The San Luigi Orders and Italian law

The San Luigi Orders had established a membership in Italy by at least the 1930s and there are records of appointments in the Orders there throughout the ensuing decades. A Grand Priory of the San Luigi Orders was erected in Sardinia under Roman Catholic priest Canon Giovanni Maria Chessa, and his list of members in 1963 counts some nineteen knights, in addition to several others who were located elsewhere in the country.

Titles of nobility, whether domestic or foreign, are unrecognised under the 1948 Constitution, but continue to be widely used by Italians socially. The position concerning the acceptance and use of foreign chivalric distinctions is more complex in Italian law. Law 178 of March 3 1951 as originally enacted sought to proscribe Italian citizens from using within Italian territory any foreign chivalric honours not approved by the Republic. However, enforcement of the law is the business of the Italian courts, and they have on several occasions determined that the conferral and use of seemingly “proscribed” orders is in fact legal. Moreover, subsequent amendments to the 1951 law as well as several court judgements have served further to clarify its intent and applicability.

A highly relevant decision is that of the Court of Appeal of Pistoia of 5 June 1964, which considered whether the bestowal of the Military Order of the Collar of St Agatha of Paterno was in breach of this law. This Order, which is bestowed by the Royal House of Aragon (in exile) had been the subject of proscription by the Italian Ministry of Foreign Affairs, and it might be thought by an uninformed observer that it would be precisely the sort of Order that would fall foul of the 1951 law.

However, the decision of the Court of Appeal of Pistoia of 5 June 1964 served to clarify the application of the 1951 law, as well as concluding that the bestowal and acceptance of this Order was, in fact, fully legal. The court’s decision reads,

“Truly it should be noted that according to the terms of Articles 7 and 8 of the said Law, while the conferring of honours decorations and chivalric distinctions is forbidden to organisations, associations and private individuals and the practice is to be punished, be it in whatever form or manner in which it is carried out, the acceptance of honours is sometimes permitted to Italian citizens when conferred by non-national Orders or by foreign states and this practice is only forbidden in so far as it lacks the authorisation of the President of the Republic as proposed to him by the Minister of Foreign Affairs. Without the application of such an interpretation, the terms in question should remain without significance because the mention of non-national orders, in connection with the possibility that the practice of the relative concessions may be authorised, necessarily signifies that the same concessions may exist and be accepted. Such an interpretation was confirmed by Parliament, with the result that the phrase “non-national orders” has been added to the original text of Article 7 and that the expression “cannot be accepted” has there been substituted with the other phrase “cannot be used in the territory of the Republic”. In substance, with the terms in question the legislator has wished to forbid that various subjects be able to take the initiative to make themselves the distributors of honours and decorations without an effective pre-existent title or faculty; and moreover that such concessions should remain in the private ambit of the distinguished subject, unless he has permission to use it in public, without which these same concessions should remain matters inconsistent with the internal right of the State, which forbids such external manifestation in order justly to safeguard the merits reserved and represented by the honours recognised by the State.”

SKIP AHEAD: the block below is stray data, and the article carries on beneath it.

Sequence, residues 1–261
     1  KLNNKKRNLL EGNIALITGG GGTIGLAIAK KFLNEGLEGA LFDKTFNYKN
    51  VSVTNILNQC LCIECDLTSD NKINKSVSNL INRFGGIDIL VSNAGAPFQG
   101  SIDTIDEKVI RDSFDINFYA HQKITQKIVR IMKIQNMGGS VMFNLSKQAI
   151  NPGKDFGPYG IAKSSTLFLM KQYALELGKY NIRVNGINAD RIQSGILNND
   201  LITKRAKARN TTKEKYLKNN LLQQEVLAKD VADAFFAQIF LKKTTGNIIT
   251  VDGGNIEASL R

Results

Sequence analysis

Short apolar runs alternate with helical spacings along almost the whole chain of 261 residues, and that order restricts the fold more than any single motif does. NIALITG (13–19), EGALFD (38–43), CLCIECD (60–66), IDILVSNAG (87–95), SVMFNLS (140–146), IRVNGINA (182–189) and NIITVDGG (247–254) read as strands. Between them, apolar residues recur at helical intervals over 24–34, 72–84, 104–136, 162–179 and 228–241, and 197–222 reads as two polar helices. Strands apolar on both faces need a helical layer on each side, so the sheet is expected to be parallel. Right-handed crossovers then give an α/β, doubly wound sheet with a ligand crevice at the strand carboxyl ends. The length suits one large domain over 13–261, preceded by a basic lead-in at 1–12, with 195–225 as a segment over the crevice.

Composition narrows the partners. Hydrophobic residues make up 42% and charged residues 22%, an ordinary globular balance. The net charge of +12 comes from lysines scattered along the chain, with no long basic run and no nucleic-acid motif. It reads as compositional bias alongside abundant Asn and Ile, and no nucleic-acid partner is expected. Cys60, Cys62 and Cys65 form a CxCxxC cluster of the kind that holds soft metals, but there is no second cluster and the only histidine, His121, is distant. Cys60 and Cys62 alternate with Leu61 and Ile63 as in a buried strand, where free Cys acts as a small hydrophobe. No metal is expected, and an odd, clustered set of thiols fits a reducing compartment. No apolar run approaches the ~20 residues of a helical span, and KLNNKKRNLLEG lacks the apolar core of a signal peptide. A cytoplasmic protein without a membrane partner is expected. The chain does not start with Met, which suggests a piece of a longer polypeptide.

It should be noted that a number of the other orders that are seemingly proscribed by the Italian Ministry of Foreign Affairs, notably the Order of St Lazarus, have maintained highly active Italian branches up to the present day.

It can be seen from the above that Italian law makes a distinction between acceptance of an Order and its public use, reserving that public use to Orders recognized by the Republic. It is therefore legal for an Italian citizen to accept an Order that is not recognized by the Republic, providing it is genuine, and providing he does not then wear it in public. In practice, the acceptance of non-national Orders, that is to say those that are usually conferred by the head of an ex-regnant Royal House rather than by a reigning monarch or foreign government, in Italy is a very widespread practice.

The San Luigi Orders thus fall into this category of Orders that may be accepted by Italian citizens, and it is clear that so long as their insignia are worn only at private ceremonies of the Order the holder will remain within the law.